Engeland et al analyzed prospective data for over 2 million Norwegians ages 20-74 years with measured heights and weights who were followed up for 22 years. Those researchers suggested that the normal range of BMI should be shifted upwards because higher mortality rates were observed in the lower part of the normal range than in the lower part of the overweight range.
These examples are not just results from a “handful” of studies. In 2001, Heiat and colleagues evaluated the published literature on weight and mortality in the elderly (among whom more than 70% of all deaths occur) and concluded that “studies do not support overweight, as opposed to obesity, as conferring an excess mortality risk.” More recently, Janssen analyzed data from 26 published studies and similarly found no evidence of excess mortality associated with overweight among the elderly.
These are just a few examples from many studies that report results similar to ours. These show that our findings should not be considered “startling.” Our article takes its place in a long line of studies that have come to similar findings – that the mortality risk of people in the overweight category is pretty much the same as the mortality risk of people in the normal weight category. Some studies show a modestly higher mortality risk for people in the overweight category and others show a slightly lower risk.
Raeburn quotes Harvard professors Walter Willett and Meier Stampfer as stating that because our national sample included current and former smokers and people with chronic illness, we used the “wrong comparison group.” However, in our study we controlled for factors like smoking and illness that might confound the relationship between weight and mortality. In addition we ran several analyses to check whether our results could have been affected by smoking or pre-existing chronic illness. These analyses were published by CDC on its website in 2005. We also ran yet more detailed analyses that were posted on-line by the American Journal of Epidemiology in August, 2007, before Mr. Raeburn’s article appeared, followed by a print version in October. The analyses show that after the exclusion of smokers and those with possible illness-induced weight loss (as recommended by Drs. Willett and Stampfer), overweight was still not associated with excess mortality risk. This refutes the idea that we used the “wrong comparison group” or that our results would have been appreciably different if we had followed the procedures recommended by Drs. Willett and Stampfer and discarded most of our data.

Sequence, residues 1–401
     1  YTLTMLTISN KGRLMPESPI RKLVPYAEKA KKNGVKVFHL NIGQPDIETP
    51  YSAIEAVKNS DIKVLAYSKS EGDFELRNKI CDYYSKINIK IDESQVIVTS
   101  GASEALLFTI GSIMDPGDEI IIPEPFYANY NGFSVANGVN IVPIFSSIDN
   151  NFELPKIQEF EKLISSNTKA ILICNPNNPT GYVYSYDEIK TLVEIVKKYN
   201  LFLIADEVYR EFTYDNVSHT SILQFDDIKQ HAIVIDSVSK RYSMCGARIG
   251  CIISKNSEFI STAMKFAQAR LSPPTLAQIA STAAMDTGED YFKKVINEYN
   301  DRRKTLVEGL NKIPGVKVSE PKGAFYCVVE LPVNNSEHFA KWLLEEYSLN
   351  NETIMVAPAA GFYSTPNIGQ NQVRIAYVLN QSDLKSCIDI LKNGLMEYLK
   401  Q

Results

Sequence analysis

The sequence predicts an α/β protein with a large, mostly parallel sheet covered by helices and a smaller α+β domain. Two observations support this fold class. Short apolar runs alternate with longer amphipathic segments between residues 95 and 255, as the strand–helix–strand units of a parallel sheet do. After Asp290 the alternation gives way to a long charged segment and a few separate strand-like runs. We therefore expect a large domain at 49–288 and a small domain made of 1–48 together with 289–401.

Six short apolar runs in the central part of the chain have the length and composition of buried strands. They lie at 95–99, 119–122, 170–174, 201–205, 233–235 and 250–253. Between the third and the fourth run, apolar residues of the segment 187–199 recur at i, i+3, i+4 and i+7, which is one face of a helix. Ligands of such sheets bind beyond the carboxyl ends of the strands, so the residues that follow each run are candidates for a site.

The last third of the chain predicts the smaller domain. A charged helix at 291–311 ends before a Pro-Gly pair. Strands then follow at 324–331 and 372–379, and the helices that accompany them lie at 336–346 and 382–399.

Katherine M. Flegal, Ph.D.
Centers for Disease Control and Prevention
Barry I. Graubard, Ph.D.
National Cancer Institute
David F. Williamson, Ph.D.
Visiting Professor, Rollins School of Public Health
Mitchell H. Gail
National Cancer Institute
Disclaimer: The findings and conclusions in this commentary are those of the authors and not necessarily those of the agency.
Excess Deaths Associated with Underweight, Overweight, and Obesity. Katherine M. Flegal et al. in Journal of the American Medical Association, Vol. 293, No. 15, pages 1861–1867; April 20, 2005.
Cause-Specific Excess Deaths Associated with Underweight, Overweight, and Obesity. Katherine M. Flegal et al. in Journal of the American Medical Association, Vol. 298, No. 17, pages 2028–2037; November 7, 2007.
The Effect Of Obesity On Disability Vs Mortality In Older Americans. Soham Al Snih et al. in Archives of Internal Medicine, Vol. 167, No. 8, pages 774-80; April 23, 2007.
Associations Between Body Composition, Anthropometry, And Mortality In Women Aged 65 Years And Older. Chantal M. Dolan et al in the American Journal of Public Health, Vol. 97, No. 5, pages 913-8; May 2007.